HOMEResource CentreTip SheetsCategory Tip SheetsTaking control of your finances

Taking control of your finances

Money management is a valuable skill for everyone.

It allows you to take control of your finances, achieve your financial goals, and navigate unexpected expenses with confidence.

This is particularly true in the current financial climate, where Australian’s are a facing a cost-of-living crisis due to rising inflation costs, interest rates, and property markets, combined with relatively stagnant wage rates.

While everyday expenses continue to increase, here are some tips that you can incorporate into your day-to-day life that may improve your spending habits and find some relief.

1. Know what you’re spending

Knowledge is power – awareness is the first step towards control. So track your spending to better understand your habits.

You can do this in a budgeting app or by keeping a simple spending log to track your income and expenses, both regular and sporadic.

Categorise your spending to help you identify areas where you can potentially cut back.

For example, you may find that you have multiple subscription services but only regularly use a few.

You can cancel some that you don’t use as often or you may be surprised by how often you opt for convenience foods over buying groceries.

2. Prioritise needs over wants

Differentiate between your essential needs (rent or mortgage, bills, groceries) and non­ essential wants (subscriptions, entertainment, impulse purchases).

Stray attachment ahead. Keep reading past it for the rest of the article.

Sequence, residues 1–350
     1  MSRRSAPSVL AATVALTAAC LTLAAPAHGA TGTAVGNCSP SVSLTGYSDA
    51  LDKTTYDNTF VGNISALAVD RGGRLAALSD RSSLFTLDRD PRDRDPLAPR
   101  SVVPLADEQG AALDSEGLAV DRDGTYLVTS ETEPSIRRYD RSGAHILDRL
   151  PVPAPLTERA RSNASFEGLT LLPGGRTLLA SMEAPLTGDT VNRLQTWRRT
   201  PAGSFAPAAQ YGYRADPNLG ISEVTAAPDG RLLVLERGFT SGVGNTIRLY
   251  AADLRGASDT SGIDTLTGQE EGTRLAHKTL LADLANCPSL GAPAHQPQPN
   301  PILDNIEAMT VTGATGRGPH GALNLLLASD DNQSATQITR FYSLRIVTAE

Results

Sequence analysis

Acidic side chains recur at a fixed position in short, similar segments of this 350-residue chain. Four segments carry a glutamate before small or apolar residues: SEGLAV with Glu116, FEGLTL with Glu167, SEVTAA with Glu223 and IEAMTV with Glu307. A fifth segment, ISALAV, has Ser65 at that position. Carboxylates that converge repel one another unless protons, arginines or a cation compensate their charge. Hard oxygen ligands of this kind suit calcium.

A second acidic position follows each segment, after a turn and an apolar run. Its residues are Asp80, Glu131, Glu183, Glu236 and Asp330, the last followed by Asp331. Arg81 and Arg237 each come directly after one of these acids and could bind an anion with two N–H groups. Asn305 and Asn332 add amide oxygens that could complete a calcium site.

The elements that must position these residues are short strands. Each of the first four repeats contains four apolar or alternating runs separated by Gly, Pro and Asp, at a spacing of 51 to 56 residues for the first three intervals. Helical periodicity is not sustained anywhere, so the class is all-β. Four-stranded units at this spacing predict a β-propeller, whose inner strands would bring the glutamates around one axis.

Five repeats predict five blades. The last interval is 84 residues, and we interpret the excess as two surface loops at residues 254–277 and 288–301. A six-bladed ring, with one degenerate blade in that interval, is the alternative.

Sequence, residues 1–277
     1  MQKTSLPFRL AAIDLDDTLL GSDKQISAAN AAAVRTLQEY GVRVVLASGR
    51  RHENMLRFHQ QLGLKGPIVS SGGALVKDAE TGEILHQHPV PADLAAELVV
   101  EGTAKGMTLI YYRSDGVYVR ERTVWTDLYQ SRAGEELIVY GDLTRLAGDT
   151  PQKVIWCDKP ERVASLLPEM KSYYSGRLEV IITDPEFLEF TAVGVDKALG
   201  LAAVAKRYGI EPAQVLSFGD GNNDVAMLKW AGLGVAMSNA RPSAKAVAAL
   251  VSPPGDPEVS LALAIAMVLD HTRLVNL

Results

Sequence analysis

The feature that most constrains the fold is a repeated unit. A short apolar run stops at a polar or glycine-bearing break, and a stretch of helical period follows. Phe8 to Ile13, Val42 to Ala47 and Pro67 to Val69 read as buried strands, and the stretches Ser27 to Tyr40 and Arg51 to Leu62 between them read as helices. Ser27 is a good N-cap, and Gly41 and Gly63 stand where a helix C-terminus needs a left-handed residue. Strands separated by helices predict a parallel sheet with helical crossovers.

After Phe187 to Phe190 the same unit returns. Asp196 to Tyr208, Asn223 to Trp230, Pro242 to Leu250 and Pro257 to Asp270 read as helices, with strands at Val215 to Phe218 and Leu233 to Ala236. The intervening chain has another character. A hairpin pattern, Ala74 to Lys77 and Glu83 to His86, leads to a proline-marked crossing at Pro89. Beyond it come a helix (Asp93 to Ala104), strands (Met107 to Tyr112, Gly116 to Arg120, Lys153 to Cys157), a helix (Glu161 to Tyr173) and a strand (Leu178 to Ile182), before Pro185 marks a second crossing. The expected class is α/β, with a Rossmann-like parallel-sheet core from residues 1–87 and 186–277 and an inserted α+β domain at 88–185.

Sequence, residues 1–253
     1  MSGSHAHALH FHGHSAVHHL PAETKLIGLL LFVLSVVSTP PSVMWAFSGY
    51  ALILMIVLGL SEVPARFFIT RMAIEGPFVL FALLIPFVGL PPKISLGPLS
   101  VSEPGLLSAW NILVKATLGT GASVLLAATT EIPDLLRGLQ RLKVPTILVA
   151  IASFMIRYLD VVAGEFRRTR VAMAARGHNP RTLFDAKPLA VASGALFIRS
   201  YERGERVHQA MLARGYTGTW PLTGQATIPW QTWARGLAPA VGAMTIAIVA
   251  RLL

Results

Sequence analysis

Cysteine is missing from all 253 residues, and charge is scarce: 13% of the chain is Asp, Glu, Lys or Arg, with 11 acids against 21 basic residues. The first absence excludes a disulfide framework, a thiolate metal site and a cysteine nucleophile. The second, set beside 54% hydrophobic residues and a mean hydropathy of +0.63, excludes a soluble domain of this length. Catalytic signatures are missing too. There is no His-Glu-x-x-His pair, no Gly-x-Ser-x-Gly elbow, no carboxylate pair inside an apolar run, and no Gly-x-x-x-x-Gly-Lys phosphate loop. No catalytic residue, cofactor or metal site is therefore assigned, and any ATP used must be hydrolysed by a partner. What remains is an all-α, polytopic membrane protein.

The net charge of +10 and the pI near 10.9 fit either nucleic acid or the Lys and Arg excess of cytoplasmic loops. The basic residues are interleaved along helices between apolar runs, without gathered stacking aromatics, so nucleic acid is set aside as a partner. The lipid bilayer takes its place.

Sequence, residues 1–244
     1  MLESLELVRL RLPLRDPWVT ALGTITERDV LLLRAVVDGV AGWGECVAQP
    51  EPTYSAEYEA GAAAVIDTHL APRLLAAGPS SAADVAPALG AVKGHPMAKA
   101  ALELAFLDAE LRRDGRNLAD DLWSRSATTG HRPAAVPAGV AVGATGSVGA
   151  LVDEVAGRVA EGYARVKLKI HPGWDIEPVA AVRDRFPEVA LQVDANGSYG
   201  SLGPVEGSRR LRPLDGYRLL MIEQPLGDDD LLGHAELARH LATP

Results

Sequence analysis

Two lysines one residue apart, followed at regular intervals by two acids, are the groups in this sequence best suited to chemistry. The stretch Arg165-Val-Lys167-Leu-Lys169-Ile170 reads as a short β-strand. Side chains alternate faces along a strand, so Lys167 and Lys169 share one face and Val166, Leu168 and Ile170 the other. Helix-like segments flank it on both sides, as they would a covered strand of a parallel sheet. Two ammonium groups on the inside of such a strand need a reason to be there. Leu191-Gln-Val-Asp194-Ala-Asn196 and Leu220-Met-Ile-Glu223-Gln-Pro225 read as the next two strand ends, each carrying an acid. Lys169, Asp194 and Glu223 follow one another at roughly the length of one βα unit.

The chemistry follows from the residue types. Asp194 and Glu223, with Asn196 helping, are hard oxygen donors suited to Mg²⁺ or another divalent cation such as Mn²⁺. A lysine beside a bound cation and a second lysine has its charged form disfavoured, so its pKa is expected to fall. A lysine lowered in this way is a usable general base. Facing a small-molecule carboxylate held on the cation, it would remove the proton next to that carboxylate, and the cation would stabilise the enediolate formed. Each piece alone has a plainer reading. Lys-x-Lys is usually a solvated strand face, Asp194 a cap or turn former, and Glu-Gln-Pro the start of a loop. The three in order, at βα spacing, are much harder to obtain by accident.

Make sure you have enough set aside for your essential needs first before spending on non-essential items.

This means you can be confident all your essentials are covered.

3. Plan ahead

Start your week by planning out your meals and groceries to avoid over purchasing, food wastage and impulse purchases.

You can also plan and budget for other costs, including entertainment and social gatherings.

Put events in your diary so you know in advance how much you may need to budget for these activities.

Stick to the budget you give yourself, and get creative if you’ve spent your allocated budget – for example, invite friends over instead of going out for dinner.

4. Debit vs. credit

Consider the type of card you are using for everyday purchases and make sure it is helping you achieve your financial goals.

For example, debit cards deduct funds directly from your account and encourage mindful spending.

Credit cards have readily available and large credit lines, so can tempt overspending, but do come with other benefits such as loyalty and rewards programs.

If you are using a credit card, make timely repayments to avoid interest charges.

5. Automate your savings or repayments

Reduce your debt as quickly as you can to minimise the interest charges you need to pay.

Research savings accounts with good interest rates that will help maximise your savings.

Set up automatic transfers to repay your debt or to your savings account to help create consistent habits without the manual administration.

6. Small habits make a big difference

Consider your small but frequent costs and how you may be able to reduce them.

For example, if you buy a $4 coffee five days a week, this will cost you over $1,000 a year (double if you need two coffees a day!).

Tracking and reviewing your spending habits will help you find areas where you can reduce your spending in small amounts to see big impact.

7. Wait before you purchase

If there is something you want to buy – don’t purchase it on an impulse.

Wait a day, a week or a month to make the purchase.

If after that time, you’re still thinking about it and want to buy it, treat yourself and enjoy. If you’re not as interested in it as you were before, you just saved some cash!

Download tip sheet as a PDF

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